But institutions have a real opportunity to overcome new resistance by investing in their online offerings. Online courses can reach a broader audience, provide an avenue to deliver introductory and transitional courses, and help schools adapt to still-changing pandemic conditions.

The same opportunities also exist for hybrid student recruitment. Throughout the pandemic, recruitment teams developed webinars, digital recruitment fairs, online tours, and a wealth of other hybrid tools that will continue to help reach more students, even post-pandemic. Institutions will have choices to make in 2022 on their recruitment strategies, and we expect that many will look to balance out their investments between online and in-person.

4. Campus Diversity Will Become More Important Than Ever

Despite the increased accessibility of online and hybrid learning options, campus diversity will remain a core focus for many institutions in 2022. A diverse student body allows students to interact with others from different backgrounds and lived experiences, enriching their on-campus experience. At ApplyBoard, our mission to educate the world includes enabling students from any country to pursue their study abroad dreams.

But diversifying student intake has other benefits as well. Established international student pipelines from multiple countries can help reduce risk for institutions and governments.

As policy shifts abroad limit or change student mobility, recruitment diversity can ensure that international student populations remain strong.

Focusing on alternative markets can also open up a world of possibilities for institutions. While China and India will remain the top two markets for international students for the foreseeable future, other markets are beginning to emerge as major source countries for international students. In our 2021 Trends Report, we identified Nigeria, Kenya, Pakistan, Bangladesh, Egypt, and Indonesia as high-growth-potential markets in the coming years. Establishing recruitment teams in these markets (or investing in existing teams) in 2022 will help drive success down the road.

5. Shifting Labour Trends Will Boost the Rise of Micro-Credentials

Emerging industries and dynamic labour markets also have the potential to shift student priorities in 2022. In all four major English-language destination markets, over 50% of students look to stay and work in the country, at least temporarily, after graduation.4 As a result, post-graduation work opportunities have become a key driver for international student mobility.

We expect that the demand for post-graduation work opportunities will only continue to grow in 2022. But the growing need for employees in new industries and high-demand fields, such as health tech and the trades, is poised to influence what and where students decide to study abroad. The knowledge that they’re getting in on the ground floor of a new sector or helping to solve a labour shortage in a high-demand profession can help assure students that investing in their education will pay off through a stable, high-wage career.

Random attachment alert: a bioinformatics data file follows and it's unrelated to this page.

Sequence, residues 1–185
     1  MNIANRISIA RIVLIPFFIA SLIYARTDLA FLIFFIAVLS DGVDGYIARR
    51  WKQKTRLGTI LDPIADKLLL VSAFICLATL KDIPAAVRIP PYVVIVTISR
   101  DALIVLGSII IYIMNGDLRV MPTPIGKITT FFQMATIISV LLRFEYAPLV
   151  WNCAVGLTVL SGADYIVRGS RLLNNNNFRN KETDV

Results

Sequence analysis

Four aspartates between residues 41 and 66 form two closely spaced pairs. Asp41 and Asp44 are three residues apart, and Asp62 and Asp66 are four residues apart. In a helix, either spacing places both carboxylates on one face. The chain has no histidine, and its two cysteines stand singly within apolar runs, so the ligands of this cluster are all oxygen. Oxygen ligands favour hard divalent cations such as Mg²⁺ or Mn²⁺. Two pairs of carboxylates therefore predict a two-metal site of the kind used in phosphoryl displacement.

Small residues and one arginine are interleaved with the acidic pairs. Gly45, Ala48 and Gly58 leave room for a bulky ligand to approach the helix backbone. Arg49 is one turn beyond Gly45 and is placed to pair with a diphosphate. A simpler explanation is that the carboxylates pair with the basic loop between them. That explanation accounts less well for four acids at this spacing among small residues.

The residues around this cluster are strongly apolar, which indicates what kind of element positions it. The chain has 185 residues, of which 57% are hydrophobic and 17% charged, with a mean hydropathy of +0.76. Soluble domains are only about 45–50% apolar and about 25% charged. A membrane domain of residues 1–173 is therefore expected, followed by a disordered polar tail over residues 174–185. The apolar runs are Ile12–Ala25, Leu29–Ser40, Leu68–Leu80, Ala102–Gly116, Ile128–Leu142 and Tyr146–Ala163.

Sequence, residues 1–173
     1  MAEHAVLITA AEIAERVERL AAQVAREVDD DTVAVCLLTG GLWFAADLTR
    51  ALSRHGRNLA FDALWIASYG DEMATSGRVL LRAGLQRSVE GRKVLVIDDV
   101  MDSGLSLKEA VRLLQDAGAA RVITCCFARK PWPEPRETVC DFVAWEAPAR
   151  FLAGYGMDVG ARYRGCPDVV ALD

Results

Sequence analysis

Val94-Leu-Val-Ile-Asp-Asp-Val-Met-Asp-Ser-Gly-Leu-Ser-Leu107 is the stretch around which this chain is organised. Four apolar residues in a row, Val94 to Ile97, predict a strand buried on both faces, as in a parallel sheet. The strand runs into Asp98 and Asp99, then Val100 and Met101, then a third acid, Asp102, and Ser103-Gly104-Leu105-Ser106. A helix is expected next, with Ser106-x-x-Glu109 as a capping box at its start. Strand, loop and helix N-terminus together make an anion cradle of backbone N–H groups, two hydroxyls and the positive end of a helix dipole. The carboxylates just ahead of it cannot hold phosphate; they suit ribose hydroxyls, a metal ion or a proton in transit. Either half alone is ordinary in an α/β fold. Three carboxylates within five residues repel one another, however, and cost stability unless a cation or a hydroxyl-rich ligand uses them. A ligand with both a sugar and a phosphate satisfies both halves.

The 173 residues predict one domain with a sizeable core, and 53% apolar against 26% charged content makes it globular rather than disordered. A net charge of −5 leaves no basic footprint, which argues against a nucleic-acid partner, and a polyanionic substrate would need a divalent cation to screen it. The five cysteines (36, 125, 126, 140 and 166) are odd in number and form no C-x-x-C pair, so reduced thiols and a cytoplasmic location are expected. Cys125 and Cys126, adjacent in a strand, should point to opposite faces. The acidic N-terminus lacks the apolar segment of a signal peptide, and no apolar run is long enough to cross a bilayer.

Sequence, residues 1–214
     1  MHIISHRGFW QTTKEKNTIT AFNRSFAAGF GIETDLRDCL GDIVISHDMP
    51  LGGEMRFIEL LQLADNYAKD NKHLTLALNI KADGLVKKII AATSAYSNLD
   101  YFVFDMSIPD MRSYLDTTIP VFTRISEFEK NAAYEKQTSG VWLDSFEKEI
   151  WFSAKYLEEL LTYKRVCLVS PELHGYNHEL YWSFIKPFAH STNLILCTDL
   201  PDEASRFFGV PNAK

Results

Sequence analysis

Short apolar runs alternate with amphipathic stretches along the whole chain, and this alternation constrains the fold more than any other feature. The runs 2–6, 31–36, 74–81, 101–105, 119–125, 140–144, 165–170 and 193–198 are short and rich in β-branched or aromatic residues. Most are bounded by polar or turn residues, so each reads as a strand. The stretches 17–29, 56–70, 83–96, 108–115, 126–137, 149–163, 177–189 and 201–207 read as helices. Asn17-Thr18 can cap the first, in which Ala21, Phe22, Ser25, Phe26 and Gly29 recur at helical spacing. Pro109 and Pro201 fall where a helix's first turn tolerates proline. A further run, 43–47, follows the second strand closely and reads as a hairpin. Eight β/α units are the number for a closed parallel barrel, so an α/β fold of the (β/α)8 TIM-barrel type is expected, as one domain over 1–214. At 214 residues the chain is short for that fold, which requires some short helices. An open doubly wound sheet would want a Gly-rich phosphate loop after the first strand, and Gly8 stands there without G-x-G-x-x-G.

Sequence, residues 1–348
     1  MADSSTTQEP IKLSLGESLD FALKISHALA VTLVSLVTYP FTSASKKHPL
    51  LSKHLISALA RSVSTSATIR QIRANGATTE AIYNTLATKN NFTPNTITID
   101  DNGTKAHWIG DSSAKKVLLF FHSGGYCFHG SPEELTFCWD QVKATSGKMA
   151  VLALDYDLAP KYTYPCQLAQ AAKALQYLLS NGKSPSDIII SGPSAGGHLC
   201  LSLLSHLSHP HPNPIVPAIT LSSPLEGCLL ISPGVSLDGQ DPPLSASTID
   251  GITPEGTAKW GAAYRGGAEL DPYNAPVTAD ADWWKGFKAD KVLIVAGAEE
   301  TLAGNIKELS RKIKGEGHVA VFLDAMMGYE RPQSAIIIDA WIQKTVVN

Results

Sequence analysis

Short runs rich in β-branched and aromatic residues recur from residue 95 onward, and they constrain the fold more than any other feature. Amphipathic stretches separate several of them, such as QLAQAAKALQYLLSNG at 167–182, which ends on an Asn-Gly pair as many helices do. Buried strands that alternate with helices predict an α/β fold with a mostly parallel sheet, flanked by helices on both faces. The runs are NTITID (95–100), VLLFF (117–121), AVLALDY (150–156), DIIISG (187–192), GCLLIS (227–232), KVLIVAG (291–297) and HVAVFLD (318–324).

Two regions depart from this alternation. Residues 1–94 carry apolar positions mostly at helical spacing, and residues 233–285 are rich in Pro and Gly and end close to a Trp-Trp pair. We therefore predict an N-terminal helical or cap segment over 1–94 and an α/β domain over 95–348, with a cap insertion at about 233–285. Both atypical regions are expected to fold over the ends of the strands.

These labour trends also have the potential to drive increased institutional investment in micro-credential courses. These courses are often low-cost alternatives that focus on limited material through condensed programs. Such micro-credentials could allow international students to save money while gaining key skills in new fields, such as cryptocurrency.

The rise (and fall) of massive open online courses (MOOCs) may be a cautionary tale for any institution planning to invest heavily in micro-credentials.

Next in ApplyInsights

Over the next few months at ApplyInsights, here’s just a few of the topics we’re going to dive into:

  • Regional international student trends in the US and Canada
  • Australia’s plan to bounce back from prolonged border closures
  • Job opportunities for new grads in the UK
  • Student visa and letter of acceptance processing times

We’ll also be taking a closer look at some of the trends we’ve identified in this article, including tuition and cost of living expenses. The ApplyInsights team is excited to explore all of these issues and more in the coming year. Stay tuned!

Published: January 5, 2022

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About the ApplyInsights Team

Led by ApplyBoard Co-Founder and CMO Meti Basiri, the ApplyInsights Team analyzes the latest government and third-party data, alongside ApplyBoard internal data, to provide a complete picture of trends in the international education industry. They also work with industry experts and ApplyBoard team members to gather local insights across key source and destination countries, where ApplyBoard has helped more than 300,000 students around the world.

FOOTNOTES:

1. Institute of International Education (IIE), International Student Mobility Flows and COVID-19 Realities. July 29, 2021.

2. Canada study permit data provided courtesy of Immigration, Refugees and Citizenship Canada (IRCC).

3. The United States, the United Kingdom, Canada, Australia, and New Zealand.

4. According to International Student Surveys conducted in 2021 by Quacquarelli Symonds (QS) focusing on Canada, the US, the UK, and Australia as destination markets.